GlaxoSmithKline employs 'new way of thinking' by using 23andMe's genetic data to launch cancer drug trial

British drugmaker GlaxoSmithKline and prominent genetic testing company 23andMe have launched human clinical trials for a jointly developed cancer drug, according to Bloomberg.

In 2018, GlaxoSmithKline bought a $300 million stake in 23andMe to utilize the Sunnyvale, Calif.-based company's DNA database to develop new treatments by better understanding how genetics influence disease.

Early-stage trials for a new cancer drug developed by the two companies are now underway. They developed the antibody drug to block CD96, a protein that causes overactivity of another molecule in malignant tumors.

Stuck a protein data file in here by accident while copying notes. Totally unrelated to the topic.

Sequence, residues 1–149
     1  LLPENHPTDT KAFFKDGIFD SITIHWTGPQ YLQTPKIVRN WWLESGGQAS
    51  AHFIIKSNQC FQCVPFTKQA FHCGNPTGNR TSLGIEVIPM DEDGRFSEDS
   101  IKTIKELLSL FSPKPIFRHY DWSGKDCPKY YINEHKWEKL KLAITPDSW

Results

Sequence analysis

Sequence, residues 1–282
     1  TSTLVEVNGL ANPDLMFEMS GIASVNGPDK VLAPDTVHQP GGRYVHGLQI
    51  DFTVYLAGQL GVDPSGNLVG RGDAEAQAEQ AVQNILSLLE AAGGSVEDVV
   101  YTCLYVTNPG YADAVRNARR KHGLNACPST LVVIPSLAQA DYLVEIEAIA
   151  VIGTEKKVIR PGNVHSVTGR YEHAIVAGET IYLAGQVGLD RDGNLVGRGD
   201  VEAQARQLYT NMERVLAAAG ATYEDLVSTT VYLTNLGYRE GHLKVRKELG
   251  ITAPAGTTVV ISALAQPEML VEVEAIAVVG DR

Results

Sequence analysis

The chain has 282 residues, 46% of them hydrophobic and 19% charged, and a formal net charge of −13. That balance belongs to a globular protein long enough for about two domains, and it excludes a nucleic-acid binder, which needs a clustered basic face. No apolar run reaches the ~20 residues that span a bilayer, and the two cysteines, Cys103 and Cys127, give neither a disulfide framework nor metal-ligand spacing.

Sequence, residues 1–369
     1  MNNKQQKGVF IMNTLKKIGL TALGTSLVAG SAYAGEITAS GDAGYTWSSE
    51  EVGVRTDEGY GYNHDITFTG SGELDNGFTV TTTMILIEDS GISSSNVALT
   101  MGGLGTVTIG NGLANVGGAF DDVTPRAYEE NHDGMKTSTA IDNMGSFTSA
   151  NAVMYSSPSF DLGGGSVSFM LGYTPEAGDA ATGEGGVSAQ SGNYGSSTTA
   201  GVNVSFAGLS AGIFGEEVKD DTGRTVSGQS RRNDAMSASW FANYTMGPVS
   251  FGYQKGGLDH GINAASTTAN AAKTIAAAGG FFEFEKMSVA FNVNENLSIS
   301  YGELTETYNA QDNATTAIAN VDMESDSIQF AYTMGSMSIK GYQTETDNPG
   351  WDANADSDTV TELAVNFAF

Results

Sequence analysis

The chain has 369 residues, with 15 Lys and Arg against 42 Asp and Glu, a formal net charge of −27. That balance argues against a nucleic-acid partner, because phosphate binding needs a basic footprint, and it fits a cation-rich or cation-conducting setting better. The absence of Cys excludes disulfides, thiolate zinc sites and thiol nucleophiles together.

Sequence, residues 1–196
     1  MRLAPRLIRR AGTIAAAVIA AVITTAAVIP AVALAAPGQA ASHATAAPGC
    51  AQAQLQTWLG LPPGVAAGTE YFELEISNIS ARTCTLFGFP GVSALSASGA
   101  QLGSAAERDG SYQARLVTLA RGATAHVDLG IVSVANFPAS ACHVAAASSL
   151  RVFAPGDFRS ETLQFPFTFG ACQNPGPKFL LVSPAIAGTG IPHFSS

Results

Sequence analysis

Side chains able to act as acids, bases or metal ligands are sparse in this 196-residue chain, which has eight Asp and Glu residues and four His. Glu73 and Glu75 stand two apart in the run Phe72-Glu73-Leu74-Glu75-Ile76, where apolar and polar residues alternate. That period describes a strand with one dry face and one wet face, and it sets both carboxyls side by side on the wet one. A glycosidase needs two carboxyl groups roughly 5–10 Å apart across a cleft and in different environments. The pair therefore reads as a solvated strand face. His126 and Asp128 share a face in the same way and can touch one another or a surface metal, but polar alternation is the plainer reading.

"This is a new way of thinking about drug development," Hal Barron, MD, GlaxoSmithKline's chief scientific officer and president of research and development, told Bloomberg. "And the concept is coming to bear."

GlaxoSmithKline and 23andMe are currently working on nearly 30 programs aimed at developing new immunology, oncology neurology, metabolic and cardiovascular drugs. Most of these projects are still in their infancy stages.

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